For those seeking tips on how to gain muscle, here are some strategies to get you started.
1. Perform multi-joint exercises
Resistance training is the most efficient way to build lean mass — especially if you pack your workouts with big, compound (multi-joint) moves like the squat, bench press, lunge, and pull-up. “You can certainly build muscle with all types of moves, but a strong base in multi-joint efforts, at least some of the time, is a good idea,” says Michael Ormsbee, Ph.D., interim director of the Institute of Sports Science & Medicine at Florida State University. Science agrees: Compound exercises cause the greatest increase in testosterone, a key muscle-building hormone, according to researchers at the University of Connecticut.
2. Eat more protein
Now that you’re lifting weights, you need to consume more protein to promote muscle repair, recovery, and growth since amino acids (the building blocks of protein) are necessary to build muscle tissue.
When you’re planning your high-protein meals, 20 grams of protein is the optimal amount generally accepted for muscle growth. Research has found that the body doesn’t use much more than 20 grams for muscle-building at any one sitting.
Around 80 grams of protein per day (or, four meals containing 20-grams of protein each) is about right for most people.If you want to calculate the optimal protein amount for you and your goals, Beachbody recommends 0.5 to 0.9 grams of protein per pound of desired lean bodyweight per day, depending on exercise intensity. (The harder the workout, the more protein is needed for growth and recovery.)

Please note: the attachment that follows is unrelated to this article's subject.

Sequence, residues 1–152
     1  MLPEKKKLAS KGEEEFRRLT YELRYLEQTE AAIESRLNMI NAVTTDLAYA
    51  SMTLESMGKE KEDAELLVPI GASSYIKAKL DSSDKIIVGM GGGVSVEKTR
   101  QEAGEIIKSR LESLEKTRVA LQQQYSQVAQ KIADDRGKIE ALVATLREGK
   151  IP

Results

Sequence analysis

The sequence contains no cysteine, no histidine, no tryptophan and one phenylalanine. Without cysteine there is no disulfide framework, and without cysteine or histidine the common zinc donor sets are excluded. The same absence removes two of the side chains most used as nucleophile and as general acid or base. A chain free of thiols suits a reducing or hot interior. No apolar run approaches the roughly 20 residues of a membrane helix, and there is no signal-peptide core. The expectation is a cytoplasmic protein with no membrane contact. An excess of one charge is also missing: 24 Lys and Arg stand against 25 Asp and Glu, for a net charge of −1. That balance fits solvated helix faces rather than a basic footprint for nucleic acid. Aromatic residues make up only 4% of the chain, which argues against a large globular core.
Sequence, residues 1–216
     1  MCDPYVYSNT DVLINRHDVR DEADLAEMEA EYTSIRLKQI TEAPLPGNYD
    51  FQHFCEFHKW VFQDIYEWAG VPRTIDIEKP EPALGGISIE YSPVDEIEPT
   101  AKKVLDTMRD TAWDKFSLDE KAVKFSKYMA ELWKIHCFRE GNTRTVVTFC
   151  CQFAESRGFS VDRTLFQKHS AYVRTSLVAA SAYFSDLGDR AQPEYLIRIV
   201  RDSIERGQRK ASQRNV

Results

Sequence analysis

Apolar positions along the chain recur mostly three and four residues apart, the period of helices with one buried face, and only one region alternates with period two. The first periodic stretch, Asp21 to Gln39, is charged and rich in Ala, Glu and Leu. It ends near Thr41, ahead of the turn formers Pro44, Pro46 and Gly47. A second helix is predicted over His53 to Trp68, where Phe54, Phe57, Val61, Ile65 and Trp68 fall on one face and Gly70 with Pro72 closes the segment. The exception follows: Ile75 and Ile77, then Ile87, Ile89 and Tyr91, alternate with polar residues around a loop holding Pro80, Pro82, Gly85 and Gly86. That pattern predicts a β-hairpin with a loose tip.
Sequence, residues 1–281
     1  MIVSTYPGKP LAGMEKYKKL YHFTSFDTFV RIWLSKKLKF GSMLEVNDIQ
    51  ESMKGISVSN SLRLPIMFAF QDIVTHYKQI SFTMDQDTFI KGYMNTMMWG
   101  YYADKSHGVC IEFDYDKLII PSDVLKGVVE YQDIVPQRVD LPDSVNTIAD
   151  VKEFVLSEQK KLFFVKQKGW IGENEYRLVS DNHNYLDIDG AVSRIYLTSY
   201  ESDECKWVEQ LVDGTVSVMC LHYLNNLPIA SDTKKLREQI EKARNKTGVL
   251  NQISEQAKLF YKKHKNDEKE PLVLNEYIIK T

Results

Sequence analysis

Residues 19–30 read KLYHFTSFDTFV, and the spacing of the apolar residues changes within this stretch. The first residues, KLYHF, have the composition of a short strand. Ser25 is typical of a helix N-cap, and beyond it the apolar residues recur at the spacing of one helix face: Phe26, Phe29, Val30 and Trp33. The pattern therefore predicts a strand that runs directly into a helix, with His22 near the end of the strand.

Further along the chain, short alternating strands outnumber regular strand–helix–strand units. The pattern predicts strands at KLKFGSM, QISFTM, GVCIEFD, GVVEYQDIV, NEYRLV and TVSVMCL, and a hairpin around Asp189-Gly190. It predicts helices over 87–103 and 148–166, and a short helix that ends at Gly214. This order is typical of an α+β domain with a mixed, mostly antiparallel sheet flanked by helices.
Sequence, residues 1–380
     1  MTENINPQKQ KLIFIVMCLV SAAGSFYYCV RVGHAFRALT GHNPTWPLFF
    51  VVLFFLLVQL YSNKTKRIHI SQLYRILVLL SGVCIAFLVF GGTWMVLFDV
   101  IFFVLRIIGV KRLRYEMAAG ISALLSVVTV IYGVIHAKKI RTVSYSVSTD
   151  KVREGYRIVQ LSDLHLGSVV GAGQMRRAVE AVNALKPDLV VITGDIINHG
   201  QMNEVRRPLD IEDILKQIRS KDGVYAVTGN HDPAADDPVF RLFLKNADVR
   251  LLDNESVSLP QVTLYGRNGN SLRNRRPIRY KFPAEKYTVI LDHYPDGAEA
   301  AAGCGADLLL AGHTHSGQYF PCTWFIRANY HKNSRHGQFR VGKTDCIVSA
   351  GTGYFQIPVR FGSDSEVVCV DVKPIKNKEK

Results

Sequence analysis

If you have ambitious muscle-building goals, such as committing to Beachbody’s Body Beast program, shoot for the higher end of the range by adding one or two additional protein-rich snacks to your day. Shakeology is a great way to sneak in additional calories and nutrients, and contains 16 to 17 grams of protein (depending on the flavor).
3. Don’t just lift heavy
When you lift heavy weights, or do explosive exercises like sprinting, you target the type-II muscle fibers we discussed earlier. But studies show that type-I fibers (a.k.a. slow twitch — the kind used in endurance activities ) also have growth potential, so don’t ignore them.